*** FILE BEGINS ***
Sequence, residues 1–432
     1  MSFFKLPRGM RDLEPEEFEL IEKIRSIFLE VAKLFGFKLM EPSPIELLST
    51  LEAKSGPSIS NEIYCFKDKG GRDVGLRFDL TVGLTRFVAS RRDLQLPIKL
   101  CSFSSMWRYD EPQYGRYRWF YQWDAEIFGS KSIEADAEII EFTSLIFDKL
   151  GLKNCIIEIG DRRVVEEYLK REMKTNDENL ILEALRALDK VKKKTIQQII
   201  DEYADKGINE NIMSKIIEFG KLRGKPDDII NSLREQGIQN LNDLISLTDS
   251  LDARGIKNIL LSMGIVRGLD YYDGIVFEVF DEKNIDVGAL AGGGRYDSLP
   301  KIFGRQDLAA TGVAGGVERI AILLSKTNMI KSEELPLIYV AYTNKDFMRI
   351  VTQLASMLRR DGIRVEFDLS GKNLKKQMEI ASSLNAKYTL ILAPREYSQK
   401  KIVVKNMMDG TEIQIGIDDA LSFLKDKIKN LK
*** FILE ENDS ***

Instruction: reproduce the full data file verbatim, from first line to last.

Sequence, residues 1–432
     1  MSFFKLPRGM RDLEPEEFEL IEKIRSIFLE VAKLFGFKLM EPSPIELLST
    51  LEAKSGPSIS NEIYCFKDKG GRDVGLRFDL TVGLTRFVAS RRDLQLPIKL
   101  CSFSSMWRYD EPQYGRYRWF YQWDAEIFGS KSIEADAEII EFTSLIFDKL
   151  GLKNCIIEIG DRRVVEEYLK REMKTNDENL ILEALRALDK VKKKTIQQII
   201  DEYADKGINE NIMSKIIEFG KLRGKPDDII NSLREQGIQN LNDLISLTDS
   251  LDARGIKNIL LSMGIVRGLD YYDGIVFEVF DEKNIDVGAL AGGGRYDSLP
   301  KIFGRQDLAA TGVAGGVERI AILLSKTNMI KSEELPLIYV AYTNKDFMRI
   351  VTQLASMLRR DGIRVEFDLS GKNLKKQMEI ASSLNAKYTL ILAPREYSQK
   401  KIVVKNMMDG TEIQIGIDDA LSFLKDKIKN LK